By Katrin Glatzel
In sub-Saharan Africa (SSA) where agriculture is predominantly rainfed, farmers’ access to water is often limited based on seasonal variation. Yet water scarcity in the region is not necessarily caused by a physical lack of water, but rather by an ‘economic water scarcity’. This implies that the necessary public investments in water resources and infrastructure are not substantial enough to meet water demands in an area where people do not have the means to make use of water sources on their own. In fact, in many parts of SSA there is plenty of water available. However, groundwater resources, such as aquifers, remain a relatively abundant yet underused resource, with less than 5% of the water used for irrigation coming from groundwater.
The challenge is therefore to increase the amount of available water that is ‘harvested’ for crop growth. Such water harvesting can be done at the field, farm or watershed level. In some places, there is a potential for groundwater extraction using boreholes. And research by the International Food Policy Research Institute (IFPRI) has shown that motor pumps have the potential to expand the amount of agricultural land irrigated during the dry season to 30 million hectares — four times the current area. There is urgent need to sustainably increase the amount of irrigation from the current 6% of arable land. Until then an estimated 200 million people in SSA – that is 18% of the continent’s population – face serious water shortages.
Furthermore, climate change and a growing population continue to pose additional challenges to water management in agriculture. Prolonged periods of drought in many parts of SSA are becoming increasingly frequent. This increases pressures on valuable water resources and agricultural irrigation. In response, water conservation policies, strategies, and activities such as water harvesting, are ever more important to manage and protect fresh water as a sustainable resource to meet current and future human demands.
Sustainable Intensification of water management
At the same time, the challenge of meeting global food demand requires an increase in the level of agricultural water productivity and some increases in global water use. Finding ways of saving water or using ‘less drop per crop’ must therefore become a mainstay of agricultural production. Suitable water conservation methods minimise negative environmental impacts of drought such as soil erosion and desertification, whilst increasing crop yields throughout the year. Soil nutrients will only be used efficiently if a crop has sufficient water and water conservation can increase the volume of water available, bridging seasonal rainfall variability.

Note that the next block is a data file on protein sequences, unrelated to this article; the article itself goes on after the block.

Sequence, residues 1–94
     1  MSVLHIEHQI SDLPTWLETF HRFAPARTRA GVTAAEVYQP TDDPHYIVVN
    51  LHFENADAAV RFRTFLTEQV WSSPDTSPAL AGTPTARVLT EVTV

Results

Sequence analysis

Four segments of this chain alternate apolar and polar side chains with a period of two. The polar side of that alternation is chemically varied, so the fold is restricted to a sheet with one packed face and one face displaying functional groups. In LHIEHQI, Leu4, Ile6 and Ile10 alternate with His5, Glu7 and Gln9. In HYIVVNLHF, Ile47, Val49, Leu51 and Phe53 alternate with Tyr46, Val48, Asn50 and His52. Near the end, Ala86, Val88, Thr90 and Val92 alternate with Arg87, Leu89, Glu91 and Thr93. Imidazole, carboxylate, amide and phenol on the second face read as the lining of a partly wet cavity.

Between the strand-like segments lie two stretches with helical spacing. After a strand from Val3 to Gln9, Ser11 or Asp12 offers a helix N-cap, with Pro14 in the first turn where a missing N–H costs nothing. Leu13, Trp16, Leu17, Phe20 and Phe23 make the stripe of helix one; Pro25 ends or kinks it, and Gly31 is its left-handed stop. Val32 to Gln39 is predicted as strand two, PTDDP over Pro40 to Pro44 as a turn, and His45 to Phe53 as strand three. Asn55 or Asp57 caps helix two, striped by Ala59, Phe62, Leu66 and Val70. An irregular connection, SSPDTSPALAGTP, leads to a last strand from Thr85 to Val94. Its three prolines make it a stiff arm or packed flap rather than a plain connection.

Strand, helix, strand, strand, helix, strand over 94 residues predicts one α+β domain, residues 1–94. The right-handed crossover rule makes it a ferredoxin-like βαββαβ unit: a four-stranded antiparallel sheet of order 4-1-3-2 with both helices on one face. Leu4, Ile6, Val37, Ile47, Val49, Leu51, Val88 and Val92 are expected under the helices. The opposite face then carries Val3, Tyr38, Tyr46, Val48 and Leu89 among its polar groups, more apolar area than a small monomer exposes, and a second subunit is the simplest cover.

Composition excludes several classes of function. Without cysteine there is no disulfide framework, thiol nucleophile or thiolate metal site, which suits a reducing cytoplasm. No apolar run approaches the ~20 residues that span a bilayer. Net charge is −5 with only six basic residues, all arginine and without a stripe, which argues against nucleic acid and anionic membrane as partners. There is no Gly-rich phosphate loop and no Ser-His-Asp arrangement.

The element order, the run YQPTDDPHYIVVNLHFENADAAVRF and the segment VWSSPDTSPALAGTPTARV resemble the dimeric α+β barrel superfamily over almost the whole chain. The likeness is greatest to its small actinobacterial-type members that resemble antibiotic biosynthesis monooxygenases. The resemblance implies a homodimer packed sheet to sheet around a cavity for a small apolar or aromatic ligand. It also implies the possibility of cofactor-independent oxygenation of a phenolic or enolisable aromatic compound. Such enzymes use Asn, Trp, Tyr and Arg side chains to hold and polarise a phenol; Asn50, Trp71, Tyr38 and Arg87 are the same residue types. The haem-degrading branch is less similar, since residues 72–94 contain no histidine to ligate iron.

Water conservation contributes to Sustainable Intensification by allowing water to be used efficiently, resulting in higher agricultural production throughout the year and improved resilience to drought, improving farmers’ livelihoods and food security.
One example is water harvesting, which involves gathering water from a ‘catchment area’ and channelling it to the required area in a field. Some techniques can also work at a smaller scale to conserve water within the cropped area by reducing run-off and keeping the water where it falls as much as possible.
Four different methods highlight a spectrum of approaches currently available to farmers:
- Contour harvesting: Ploughing and furrowing, then planting along the ridges or contours rather than up and down the slope conserves water by reducing surface run-off and encouraging filtration of water into the crop area.
- Earth basins:Square or diamond shaped basins with earth ridges on all sides, earth basins can be constructed on any gradient and whilst most suitable for growing trees, they may also be used for other crops.
- Planting pits:Easy to construct small pits in which individual or small groups of plants are sown. The pits catch rainwater run-off and concentrate soil moisture around the roots.
- Drip irrigation:Drip irrigation carries water to fields through a system of plastic tubes where the water is slowly dripped onto the soil through small perforations in the tube. A small petrol pump can be used to push the water along the tubes for larger areas, but this will add a fuel cost and will need servicing.
Good governance and investments are key
Developing sustainable supplies of good quality water will be essential for working towards a thriving agriculture sector. To achieve this, increased public and private investments are needed to provide the technologies that enhance farmers’ capacity to adapt to climate change and increase their long-term resilience. This includes investments in mechanisation, irrigation systems, water catchment and conservation practices, but also in programs such as the African Agricultural Technology Foundation’s (AATF) water-efficient maize for Africa (WEMA) partnership and digital technologies. But it also requires a well-functioning enabling environment with a long-term vision that improves farmers’ rights to land and water, SSA will be well placed to end poverty and hunger and achieve long-term food and nutrition security while laying the foundations for sustainable agricultural growth.